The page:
2 Annotations

First Reading

Cum Grano Salis  •  Link

Why named by Peeps is of Interest. The Common Cryer was an elected Official that gave announcements on behalf of the Man in Charge, was a low totem pole position that was in the lime light when it came to making announcements of Common purpose, then acting as mouth piece or Spokes person without mike.
1660 one position:
from:www.british-history.ac.uk/report.asp?compid=36659 - 78k - Cached - Similar pages
and Wm. Jessop, Esquire, Clerk of the Commons House of Parliament, with the Rolls of such Names of the Commons, as were returned to serve in this present Parliament; his Lordship gave the Oaths of Supremacy and Allegiance to several Members of the House, (now called by a Cryer) whom he had by his Commission, or Warrant, bearing Date this Day, deputed to administer the same to other Members in his Absence; the Clerk of the Commons House writing down the Names of those to whom the Oaths were so administered; and each Person, so written down, answering to his Name as he was called; the Clerk of the Commons also reading, in the first Place, publickly, the Oath of Supremacy, and, afterwards, the Oath of Allegiance by Parts; and each Member repeating the same.

An inferior officer who when needed was at the Elbow of the Lord Mayor
another job: Charles I
Before the Mayor went the swordbearer in his cap of honour, the sword, in a sheath set with pearls, in his right hand;

while on his left came the common cryer,

with the great gilt club and a mace on his shoulder. The Mayor wore a long scarlet gown, with black velvet hood and rich gold collar about his neck; and with him rode that fallen dignitary, the ex-Mayor. Then followed all the aldermen, in scarlet gowns and black velvet tippets, those that had been mayors wearing gold chains. The two sheriffs came last of all, in scarlet gowns and gold chains. About one thousand persons sat down to dinner at Guildhall--a feast which cost the Mayor and the two sheriffs £400, whereof the Mayor disbursed £200. Immediately after dinner they went to evening prayer at St. Paul's, the poor men aforementioned carrying torches and targets. The dinner still continues to be eaten, but the service at St. Paul's, as interfering with digestion, was abandoned after the Great Fire. In the evening farewell speeches were made to the Lord Mayor by allegorical personages, and painted posts were set up at his door.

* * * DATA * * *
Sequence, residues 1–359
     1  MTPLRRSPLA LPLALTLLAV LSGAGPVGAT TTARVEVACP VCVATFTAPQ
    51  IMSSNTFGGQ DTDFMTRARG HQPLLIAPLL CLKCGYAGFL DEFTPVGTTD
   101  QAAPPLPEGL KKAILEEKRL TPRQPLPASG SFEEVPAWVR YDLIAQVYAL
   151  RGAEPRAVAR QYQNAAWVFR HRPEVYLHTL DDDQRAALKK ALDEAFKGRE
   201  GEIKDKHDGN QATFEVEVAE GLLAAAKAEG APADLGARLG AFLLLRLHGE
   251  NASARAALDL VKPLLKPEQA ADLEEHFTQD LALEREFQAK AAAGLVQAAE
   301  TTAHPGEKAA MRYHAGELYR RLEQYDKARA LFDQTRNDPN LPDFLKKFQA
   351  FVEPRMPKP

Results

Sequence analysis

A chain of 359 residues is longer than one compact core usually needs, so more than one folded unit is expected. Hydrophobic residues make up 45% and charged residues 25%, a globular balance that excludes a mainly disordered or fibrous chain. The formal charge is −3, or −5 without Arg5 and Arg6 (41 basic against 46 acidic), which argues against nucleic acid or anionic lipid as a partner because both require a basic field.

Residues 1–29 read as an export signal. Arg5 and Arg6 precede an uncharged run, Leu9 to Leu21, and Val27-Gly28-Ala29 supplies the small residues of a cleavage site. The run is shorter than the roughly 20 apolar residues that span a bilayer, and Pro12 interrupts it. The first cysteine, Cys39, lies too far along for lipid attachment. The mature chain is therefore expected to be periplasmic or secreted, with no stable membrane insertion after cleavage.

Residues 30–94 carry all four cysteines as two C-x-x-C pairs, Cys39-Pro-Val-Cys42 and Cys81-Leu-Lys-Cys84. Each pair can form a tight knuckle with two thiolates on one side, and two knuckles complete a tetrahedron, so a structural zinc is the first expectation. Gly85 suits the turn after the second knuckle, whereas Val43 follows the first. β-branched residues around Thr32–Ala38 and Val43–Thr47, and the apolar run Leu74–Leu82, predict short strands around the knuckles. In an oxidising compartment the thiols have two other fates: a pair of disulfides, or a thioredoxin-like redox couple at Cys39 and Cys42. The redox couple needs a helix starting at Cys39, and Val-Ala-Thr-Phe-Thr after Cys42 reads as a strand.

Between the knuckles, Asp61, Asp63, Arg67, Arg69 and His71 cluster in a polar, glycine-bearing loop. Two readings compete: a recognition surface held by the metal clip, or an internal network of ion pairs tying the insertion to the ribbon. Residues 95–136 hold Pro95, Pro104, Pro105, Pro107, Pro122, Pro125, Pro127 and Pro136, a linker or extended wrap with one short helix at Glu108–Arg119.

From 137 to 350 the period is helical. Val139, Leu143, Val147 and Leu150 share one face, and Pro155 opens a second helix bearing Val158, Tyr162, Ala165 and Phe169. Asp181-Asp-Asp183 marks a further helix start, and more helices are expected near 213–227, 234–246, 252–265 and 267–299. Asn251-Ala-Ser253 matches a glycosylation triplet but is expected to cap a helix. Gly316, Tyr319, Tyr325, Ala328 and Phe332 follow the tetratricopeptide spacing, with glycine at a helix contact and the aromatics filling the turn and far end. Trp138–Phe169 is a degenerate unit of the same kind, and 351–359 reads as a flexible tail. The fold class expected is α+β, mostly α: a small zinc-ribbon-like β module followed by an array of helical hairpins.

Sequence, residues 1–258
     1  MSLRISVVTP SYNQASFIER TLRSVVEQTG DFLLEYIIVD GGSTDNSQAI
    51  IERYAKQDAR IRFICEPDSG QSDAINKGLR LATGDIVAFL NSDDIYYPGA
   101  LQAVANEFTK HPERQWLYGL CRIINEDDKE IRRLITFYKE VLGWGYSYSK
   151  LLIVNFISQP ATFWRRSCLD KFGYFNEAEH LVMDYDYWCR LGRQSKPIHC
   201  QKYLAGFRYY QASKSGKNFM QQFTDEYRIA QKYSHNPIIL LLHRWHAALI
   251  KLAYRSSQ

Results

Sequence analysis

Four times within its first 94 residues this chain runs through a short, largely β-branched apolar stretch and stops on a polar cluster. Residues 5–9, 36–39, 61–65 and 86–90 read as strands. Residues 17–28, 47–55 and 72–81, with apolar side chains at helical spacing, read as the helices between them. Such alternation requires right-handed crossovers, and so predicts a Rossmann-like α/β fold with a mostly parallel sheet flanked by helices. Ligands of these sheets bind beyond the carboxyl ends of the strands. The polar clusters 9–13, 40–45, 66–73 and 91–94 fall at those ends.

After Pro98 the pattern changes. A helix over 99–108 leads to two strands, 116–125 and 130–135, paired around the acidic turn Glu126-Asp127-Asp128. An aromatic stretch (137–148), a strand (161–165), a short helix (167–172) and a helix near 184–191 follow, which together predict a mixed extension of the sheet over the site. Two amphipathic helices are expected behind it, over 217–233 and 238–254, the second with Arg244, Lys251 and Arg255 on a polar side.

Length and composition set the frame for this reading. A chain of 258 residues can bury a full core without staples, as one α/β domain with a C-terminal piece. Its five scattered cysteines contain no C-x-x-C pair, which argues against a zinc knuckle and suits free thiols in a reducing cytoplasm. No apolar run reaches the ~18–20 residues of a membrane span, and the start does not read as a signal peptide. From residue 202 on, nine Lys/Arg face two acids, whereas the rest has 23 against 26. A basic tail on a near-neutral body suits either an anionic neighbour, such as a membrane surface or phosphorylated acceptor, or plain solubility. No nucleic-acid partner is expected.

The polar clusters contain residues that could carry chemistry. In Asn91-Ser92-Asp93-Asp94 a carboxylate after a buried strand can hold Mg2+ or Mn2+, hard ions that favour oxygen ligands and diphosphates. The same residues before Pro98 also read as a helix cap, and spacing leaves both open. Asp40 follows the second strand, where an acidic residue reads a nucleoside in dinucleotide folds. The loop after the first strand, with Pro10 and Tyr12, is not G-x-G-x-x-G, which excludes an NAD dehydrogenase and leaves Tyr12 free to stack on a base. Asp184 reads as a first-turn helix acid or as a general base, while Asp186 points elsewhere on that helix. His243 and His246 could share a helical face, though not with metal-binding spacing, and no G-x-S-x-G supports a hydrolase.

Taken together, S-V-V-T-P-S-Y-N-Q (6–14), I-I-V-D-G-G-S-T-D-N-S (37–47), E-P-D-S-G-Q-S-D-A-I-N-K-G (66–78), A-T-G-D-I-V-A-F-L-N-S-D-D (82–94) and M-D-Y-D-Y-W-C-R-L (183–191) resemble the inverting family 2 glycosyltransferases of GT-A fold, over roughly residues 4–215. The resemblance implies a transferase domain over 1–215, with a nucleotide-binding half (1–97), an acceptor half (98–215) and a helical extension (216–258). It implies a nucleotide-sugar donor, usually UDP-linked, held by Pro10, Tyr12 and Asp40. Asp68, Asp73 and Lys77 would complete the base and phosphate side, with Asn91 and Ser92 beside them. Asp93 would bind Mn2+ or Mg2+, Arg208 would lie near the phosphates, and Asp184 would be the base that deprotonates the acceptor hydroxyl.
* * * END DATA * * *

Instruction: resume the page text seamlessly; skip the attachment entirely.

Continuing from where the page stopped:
The Schedule referred to in the above Charter.; Fees to be taken by the Outroper or Common Cryer.
For selling of all [sorts of] goods, one farthing in the shilling. For writing and keeping the books, one penny in the pound. To the cryer for crying the goods, one shilling.
Fees to be taken by the Register for Brokers.

For the bond to be entered into by every broker, brogger and huckster, to the chamber eight pence. For every bargain, contract and pawn, for or upon which there shall be lent or given one shilling, or above, and under five shillings, one farthing.

For every the like, for which shall be lent five shillings or more, and under twenty shillings, one halfpenny.

For every the like, on which shall be lent twenty shillings or more, and under forty shillings, one penny.

For every the like, on which shall be lent forty shillings or more, two pence.
No. XLV. First Charter of King Charles I. [See p. 162.]


Second Reading

Terry Foreman  •  Link

Among the High Officers of the City of London are three Esquires at the Mansion House: The City Marshall, the Sword Bearer and the Mace Bearer (who is properly called 'the Common Cryer and Sergeant-at-Arms'); these officers run the Lord Mayor's official residence, the office, and accompany him on all occasions (usually senior military officers with diplomatic experience).

Log in to post an annotation.

If you don't have an account, then register here.


Chart showing the number of references in each month of the diary’s entries.